Social Security benefits are a vital source of income for millions of retirees. In fact, nearly one-quarter of married couples and close to half of unmarried beneficiaries say their benefits make up at least 90% of their income in retirement, according to the Social Security Administration.

If you're going to be relying heavily on Social Security to make ends meet in retirement, it's crucial to ensure you're collecting as much as possible in benefits. And there's one thing you can do long before you retire to maximize your future Social Security checks: contribute to a Roth IRA.

Woman holding an envelope full of hundred dollar bills

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How a Roth IRA can affect your benefits

One significant advantage of investing in a Roth IRA is that your withdrawals in retirement are tax-free. But Roth IRAs offer another tax perk that could help you keep more of your Social Security benefits.

First, let's look at how taxes will affect your benefits. Unfortunately, despite a lifetime of paying into the Social Security program, you'll still be subject to both state and federal taxes on your benefits. Whether you'll owe state taxes depends on where you live; the good news is that there are 37 states that don't tax Social Security -- in addition to West Virginia, which is currently phasing out its Social Security tax.

For federal taxes, how much you'll owe will depend on what's called your "combined income." Your combined income is calculated by taking half your annual benefit amount plus your adjusted gross income.

Percentage of Your Benefits That Could Be Taxed Combined Income for Individuals Combined Income for Married Couples Filing Jointly
0% Less than $25,000 per year Less than $32,000 per year
Up to 50% $25,000 to $34,000 per year $32,000 to $44,000 per year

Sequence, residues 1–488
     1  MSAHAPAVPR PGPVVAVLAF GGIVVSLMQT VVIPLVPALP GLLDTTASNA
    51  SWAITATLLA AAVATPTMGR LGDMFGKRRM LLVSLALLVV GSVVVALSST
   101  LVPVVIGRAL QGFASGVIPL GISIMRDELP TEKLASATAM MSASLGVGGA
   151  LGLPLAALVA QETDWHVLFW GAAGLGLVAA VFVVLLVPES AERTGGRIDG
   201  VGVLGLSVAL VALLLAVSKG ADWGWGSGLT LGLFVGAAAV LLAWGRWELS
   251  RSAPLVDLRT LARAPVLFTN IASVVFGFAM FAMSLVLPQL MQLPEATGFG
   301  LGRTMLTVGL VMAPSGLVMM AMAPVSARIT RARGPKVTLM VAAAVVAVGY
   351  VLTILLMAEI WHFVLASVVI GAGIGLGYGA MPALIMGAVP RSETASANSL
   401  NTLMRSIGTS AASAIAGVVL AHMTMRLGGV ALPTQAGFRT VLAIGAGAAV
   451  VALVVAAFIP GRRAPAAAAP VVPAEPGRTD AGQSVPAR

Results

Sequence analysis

Up to 85% More than $34,000 per year More than $44,000 per year

Source: Social Security Administration

If these income limits seem low, it's because they are -- the combined income limits have remained unchanged since Social Security benefits first became taxable in 1984, despite the fact that retirees' benefits are adjusted each year for inflation. In other words, as retirees see larger checks thanks to annual cost-of-living adjustments, more Americans will also face taxes on their benefits.

Here's the kicker, though: Roth IRA withdrawals don't count toward your combined income. That can potentially help you get out of paying federal taxes on your benefits altogether.

For example, say you're single and receiving $20,000 per year in Social Security benefits and are withdrawing $40,000 per year from your retirement account. If that account is a 401(k) or traditional IRA, you'll have a combined income of $50,000, and will have to pay federal taxes on a full 85% of your benefits. But if you're withdrawing solely from a Roth IRA, your combined income would be just $10,000, meaning you'll pay no federal taxes on your benefits.

Using a Roth IRA to your advantage

If you plan to use a Roth IRA for the majority of your retirement income to minimize your taxes, it's important to start contributing early. One downside to Roth IRAs is that you can only contribute up to $6,000 per year (or $7,000 per year if you're age 50 or older). So in order to save a substantial amount, you'll have to have been saving for quite a while.

In addition, don't forget about the perks of other retirement accounts. For instance, if you have access to a 401(k) that offers employer matching contributions, it's wise to contribute at least enough to earn the full match. The free money you gain from those matching contributions could potentially be worth more than the money you'll save in taxes by contributing to a Roth IRA, so don't discount other types of retirement accounts.

Taxes can take a substantial bite out of your Social Security benefits, so it's a good idea to have a strategy in mind for how you'll prepare for that expense. By contributing more to a Roth IRA, you can reduce your combined income in retirement and keep more of your monthly checks.